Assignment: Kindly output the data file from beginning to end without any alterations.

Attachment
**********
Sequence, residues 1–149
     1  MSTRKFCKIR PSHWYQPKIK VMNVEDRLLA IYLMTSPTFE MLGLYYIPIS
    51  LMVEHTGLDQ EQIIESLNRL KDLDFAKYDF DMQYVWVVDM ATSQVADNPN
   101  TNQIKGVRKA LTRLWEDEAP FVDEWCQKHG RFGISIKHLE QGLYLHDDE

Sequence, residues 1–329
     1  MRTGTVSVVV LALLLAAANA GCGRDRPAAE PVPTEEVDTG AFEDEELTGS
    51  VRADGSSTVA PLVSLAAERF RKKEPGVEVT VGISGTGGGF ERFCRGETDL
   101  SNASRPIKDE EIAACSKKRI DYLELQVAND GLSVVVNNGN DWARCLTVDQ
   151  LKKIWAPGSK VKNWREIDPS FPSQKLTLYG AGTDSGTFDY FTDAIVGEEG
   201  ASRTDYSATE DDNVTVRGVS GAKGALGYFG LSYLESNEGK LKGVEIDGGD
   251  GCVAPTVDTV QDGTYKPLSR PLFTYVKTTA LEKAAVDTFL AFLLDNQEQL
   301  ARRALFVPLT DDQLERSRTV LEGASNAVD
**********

Sequence, residues 1–149
     1  MSTRKFCKIR PSHWYQPKIK VMNVEDRLLA IYLMTSPTFE MLGLYYIPIS
    51  LMVEHTGLDQ EQIIESLNRL KDLDFAKYDF DMQYVWVVDM ATSQVADNPN
   101  TNQIKGVRKA LTRLWEDEAP FVDEWCQKHG RFGISIKHLE QGLYLHDDE

Sequence, residues 1–329
     1  MRTGTVSVVV LALLLAAANA GCGRDRPAAE PVPTEEVDTG AFEDEELTGS
    51  VRADGSSTVA PLVSLAAERF RKKEPGVEVT VGISGTGGGF ERFCRGETDL
   101  SNASRPIKDE EIAACSKKRI DYLELQVAND GLSVVVNNGN DWARCLTVDQ
   151  LKKIWAPGSK VKNWREIDPS FPSQKLTLYG AGTDSGTFDY FTDAIVGEEG
   201  ASRTDYSATE DDNVTVRGVS GAKGALGYFG LSYLESNEGK LKGVEIDGGD
   251  GCVAPTVDTV QDGTYKPLSR PLFTYVKTTA LEKAAVDTFL AFLLDNQEQL
   301  ARRALFVPLT DDQLERSRTV LEGASNAVD